Media pundits--and more than a few viewers--were stunned by David Letterman's confession of infidelity, which aired during Thursday's episode of his CBS talk show.
Explaining that he had been the victim of an extortion attempt, the host admitted to sexual affairs with female staffers who worked on his program. Letterman did not say how many women were involved, or when the relationships took place. However, media outlets say that one of the women is Stephanie Birkitt, who worked as Letterman's assistant for much of the last decade.
Birkitt recently lived with a man named Robert Halderman, who (coincidentally) is a producer for the CBS news magazine, 48 Hours. During his relationship with Burkitt, Halderman reportedly learned of her past affair with Letterman, and the host's sexual liaisons with other female staff members. Halderman allegedly threatened to expose the affairs if Letterman didn't pay him $2 million.
Mr. Halderman was arraigned Friday afternoon in New York on multiple counts of attempted grand larceny. He posted a $200,000 bond and was released. Halderman has retained attorney Gerald Shargel, who represented mafia don John Gotti, among other high-profile clients. After today's hearing, Shargel said the Letterman episode is "far more complex" than the extortion attempt described in court.
Letterman's on-air confession was clearly an effort to get ahead of the scandal, and depict himself as a victim. And, to a certain extent, he's right. Extortion is a dirty business that affects innocent parties as well--in this case, Letterman's wife and six-year-old son. What they knew about his affairs and the extortion attempt remains unclear. They will clearly suffer from the media firestorm that has been unleashed.
But it is also clear that Mr. Letterman's mess is one of his own making. According to the New York Post, the host's liaison with Ms. Birkitt began well after he entered into a long-term relationship with Regina Lasko, and continued until she gave birth to his son in 2003. The Post also reports that Letterman had affairs with other female staffers. One member of The Late Show staff told the paper that Letterman's extra-curricular activities were hardly a secret. "Even the interns knew about them," a source told People magazine.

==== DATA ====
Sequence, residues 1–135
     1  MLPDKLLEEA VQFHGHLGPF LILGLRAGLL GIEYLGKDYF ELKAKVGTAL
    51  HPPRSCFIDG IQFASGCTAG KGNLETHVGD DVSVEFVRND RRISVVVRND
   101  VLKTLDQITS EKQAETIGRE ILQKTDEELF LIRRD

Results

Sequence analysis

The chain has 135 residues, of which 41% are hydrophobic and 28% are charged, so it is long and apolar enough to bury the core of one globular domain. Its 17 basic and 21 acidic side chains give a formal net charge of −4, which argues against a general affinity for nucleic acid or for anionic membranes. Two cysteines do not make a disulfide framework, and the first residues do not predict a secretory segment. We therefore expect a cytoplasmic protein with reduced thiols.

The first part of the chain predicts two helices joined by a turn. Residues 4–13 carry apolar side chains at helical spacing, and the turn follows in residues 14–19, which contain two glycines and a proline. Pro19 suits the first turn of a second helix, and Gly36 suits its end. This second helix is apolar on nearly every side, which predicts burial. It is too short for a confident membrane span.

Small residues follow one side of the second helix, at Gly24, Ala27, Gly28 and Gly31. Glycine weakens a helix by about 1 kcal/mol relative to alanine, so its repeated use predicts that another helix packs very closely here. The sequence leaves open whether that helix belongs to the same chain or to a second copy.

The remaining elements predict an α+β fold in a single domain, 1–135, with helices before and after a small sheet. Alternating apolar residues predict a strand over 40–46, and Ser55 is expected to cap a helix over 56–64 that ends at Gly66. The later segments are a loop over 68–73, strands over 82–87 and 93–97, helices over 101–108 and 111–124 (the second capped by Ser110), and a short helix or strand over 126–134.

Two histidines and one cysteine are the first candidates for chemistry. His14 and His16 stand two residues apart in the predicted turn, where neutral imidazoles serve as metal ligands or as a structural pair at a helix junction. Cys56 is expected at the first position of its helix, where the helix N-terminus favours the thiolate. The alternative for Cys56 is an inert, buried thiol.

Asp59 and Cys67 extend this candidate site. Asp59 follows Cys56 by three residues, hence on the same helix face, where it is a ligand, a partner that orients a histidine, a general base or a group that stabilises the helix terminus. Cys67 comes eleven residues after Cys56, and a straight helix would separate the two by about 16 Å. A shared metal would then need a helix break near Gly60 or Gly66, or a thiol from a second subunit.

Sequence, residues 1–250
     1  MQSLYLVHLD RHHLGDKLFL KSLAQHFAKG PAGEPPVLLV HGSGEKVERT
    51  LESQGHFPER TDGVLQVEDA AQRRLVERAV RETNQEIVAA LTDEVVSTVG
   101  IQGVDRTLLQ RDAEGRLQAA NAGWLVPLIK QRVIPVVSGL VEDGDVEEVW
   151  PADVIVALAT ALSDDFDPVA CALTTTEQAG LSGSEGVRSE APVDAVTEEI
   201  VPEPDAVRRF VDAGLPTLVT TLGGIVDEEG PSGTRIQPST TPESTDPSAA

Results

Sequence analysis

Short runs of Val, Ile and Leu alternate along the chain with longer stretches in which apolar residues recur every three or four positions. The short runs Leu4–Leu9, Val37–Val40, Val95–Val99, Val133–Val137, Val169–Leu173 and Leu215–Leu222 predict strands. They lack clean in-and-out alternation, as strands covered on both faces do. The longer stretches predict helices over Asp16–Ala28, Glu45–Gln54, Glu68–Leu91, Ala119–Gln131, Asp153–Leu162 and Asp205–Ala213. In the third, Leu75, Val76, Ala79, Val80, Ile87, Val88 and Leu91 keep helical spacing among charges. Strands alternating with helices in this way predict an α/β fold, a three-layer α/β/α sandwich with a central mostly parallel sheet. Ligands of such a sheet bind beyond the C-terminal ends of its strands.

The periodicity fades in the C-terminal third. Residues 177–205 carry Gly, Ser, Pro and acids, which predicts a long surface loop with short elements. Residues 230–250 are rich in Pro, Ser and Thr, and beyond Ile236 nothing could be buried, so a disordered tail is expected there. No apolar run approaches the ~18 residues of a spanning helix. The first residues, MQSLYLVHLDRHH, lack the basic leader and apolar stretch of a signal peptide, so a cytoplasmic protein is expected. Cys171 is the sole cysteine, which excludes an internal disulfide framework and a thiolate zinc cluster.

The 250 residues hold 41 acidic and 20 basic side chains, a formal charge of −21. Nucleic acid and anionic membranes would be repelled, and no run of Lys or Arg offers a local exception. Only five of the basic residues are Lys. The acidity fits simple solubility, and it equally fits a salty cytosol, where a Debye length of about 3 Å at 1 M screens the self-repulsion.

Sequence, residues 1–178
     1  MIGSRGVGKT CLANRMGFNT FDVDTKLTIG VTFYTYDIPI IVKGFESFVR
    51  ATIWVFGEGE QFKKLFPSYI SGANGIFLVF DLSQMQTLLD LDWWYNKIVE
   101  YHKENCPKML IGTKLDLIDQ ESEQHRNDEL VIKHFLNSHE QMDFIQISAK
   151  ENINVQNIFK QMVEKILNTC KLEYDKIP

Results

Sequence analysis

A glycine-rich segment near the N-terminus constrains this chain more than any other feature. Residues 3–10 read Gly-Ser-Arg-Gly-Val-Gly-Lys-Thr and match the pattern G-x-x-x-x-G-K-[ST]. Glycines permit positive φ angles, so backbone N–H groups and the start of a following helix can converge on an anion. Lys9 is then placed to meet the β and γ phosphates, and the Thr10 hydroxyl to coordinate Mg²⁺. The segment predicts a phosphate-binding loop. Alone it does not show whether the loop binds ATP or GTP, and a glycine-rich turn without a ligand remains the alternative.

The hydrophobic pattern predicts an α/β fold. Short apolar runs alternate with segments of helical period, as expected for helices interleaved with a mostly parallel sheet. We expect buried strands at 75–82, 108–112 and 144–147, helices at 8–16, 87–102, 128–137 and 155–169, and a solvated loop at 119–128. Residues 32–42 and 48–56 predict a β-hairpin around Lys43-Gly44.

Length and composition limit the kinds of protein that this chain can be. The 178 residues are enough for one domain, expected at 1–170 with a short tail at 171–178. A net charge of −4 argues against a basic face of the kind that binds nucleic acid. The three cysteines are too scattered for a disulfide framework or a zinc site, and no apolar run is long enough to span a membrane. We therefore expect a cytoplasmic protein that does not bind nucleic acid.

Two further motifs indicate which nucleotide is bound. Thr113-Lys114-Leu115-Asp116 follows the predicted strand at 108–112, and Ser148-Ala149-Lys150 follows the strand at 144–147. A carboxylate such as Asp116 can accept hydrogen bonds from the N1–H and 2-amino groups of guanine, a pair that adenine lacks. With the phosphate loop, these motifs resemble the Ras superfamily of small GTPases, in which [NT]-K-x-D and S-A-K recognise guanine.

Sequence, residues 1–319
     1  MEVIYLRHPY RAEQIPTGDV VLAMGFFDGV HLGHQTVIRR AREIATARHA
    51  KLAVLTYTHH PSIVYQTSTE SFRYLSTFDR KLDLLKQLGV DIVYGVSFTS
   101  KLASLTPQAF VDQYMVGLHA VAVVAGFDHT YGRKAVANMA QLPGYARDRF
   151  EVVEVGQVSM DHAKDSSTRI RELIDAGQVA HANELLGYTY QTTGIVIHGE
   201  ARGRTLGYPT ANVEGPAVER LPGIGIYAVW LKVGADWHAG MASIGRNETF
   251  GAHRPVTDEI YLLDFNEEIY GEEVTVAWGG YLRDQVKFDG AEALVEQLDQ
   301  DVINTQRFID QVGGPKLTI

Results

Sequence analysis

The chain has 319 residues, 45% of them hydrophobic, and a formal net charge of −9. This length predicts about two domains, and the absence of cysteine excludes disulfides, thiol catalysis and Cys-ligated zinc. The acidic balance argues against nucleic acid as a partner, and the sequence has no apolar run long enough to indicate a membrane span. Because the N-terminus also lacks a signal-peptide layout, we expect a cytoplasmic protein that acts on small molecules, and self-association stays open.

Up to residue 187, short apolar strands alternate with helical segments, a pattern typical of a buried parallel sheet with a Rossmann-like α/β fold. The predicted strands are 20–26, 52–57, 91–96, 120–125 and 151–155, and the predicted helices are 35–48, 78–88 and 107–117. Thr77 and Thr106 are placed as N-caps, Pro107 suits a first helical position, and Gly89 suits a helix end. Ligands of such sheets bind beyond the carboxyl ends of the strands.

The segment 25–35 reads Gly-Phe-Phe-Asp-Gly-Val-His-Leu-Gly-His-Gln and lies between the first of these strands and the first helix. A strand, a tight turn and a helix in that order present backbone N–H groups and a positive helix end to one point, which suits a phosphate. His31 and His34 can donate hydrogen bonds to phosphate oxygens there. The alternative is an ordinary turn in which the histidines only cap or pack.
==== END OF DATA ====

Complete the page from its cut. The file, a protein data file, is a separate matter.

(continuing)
And now, the rest of the world will learn the sordid details of those relationships. When Halderman and Birkitt split up, she left behind pictures and correspondence which the news producer used in his extortion attempt. Much of that information will be used as evidence in Halderman's trial. It's also a sure bet that Dave's various office paramours will also be called as witnesses. Describing the upcoming trial as salacious would be an understatement.
There's also the matter of the work environment at The Late Show. Based on what we've learned so far, it sounds like Dave was running his version of the ol' casting couch at the Ed Sullivan Theater. With news of Letterman's affairs now public, will any of Dave's former "girlfriends" now charge him with sexual harassment?
There are also suggestions that the late night host may have offered "incentives" to his former paramours to keep them quiet. He reportedly paid Ms. Birkitt's tuition at a New York-area law school, despite the fact that she left his company several years ago. Former employees describe Mr. Letterman as exceptionally generous, but paying tuition for a former girl friend might also be interpreted as "hush money."
When the talk show host made his vile crack about Sarah Palin's daughter, many conservatives hoped that Letterman would eventually get his comeuppance. We'll take a certain pleasure in watching his squirm through Halderman's upcoming trial and the additional revelations that will certainly come out. Couldn't happen to a more deserving guy.
ADDENDUM: While the expected trial--and press coverage--will trash what's left of Dave's reputation, don't look for him to lose his CBS gig, for a couple of reasons. First, with Conan O'Brien and The Tonight Show struggling, Letterman has regained the top spot in late night for the first time in more than a decade. What's the difference between a #1 show and a #2 or 3 show in a time slot? Millions of dollars a year in ad revenue, even in a soft market. With that kind of money at stake, CBS will be extremely reluctant to rock the boat.
Additionally, the network can always use the dodge that Letterman isn't a network employee. Technically, The Late Show is produced by World Wide Pants, the production firm owned by Letterman and his partners. Issues relating to personal conduct (including sexual harassment) will be referred to Letterman's firm, which will--predictably--decline comment.
Quite a change from the early days at CBS, when the network had rather strict policies on fraternization. If you've seen the movie Good Night and Good Luck, you probably remember the sub-plot involving two of Ed Murrow's producers, Joseph and Shirley Wershba. In the 1950s, the Wershbas were forced to conceal their marriage from CBS co-workers, because network policies said "two workers cannot coexist as one in holy matrimony."
Maybe that rule wasn't such a bad idea after all.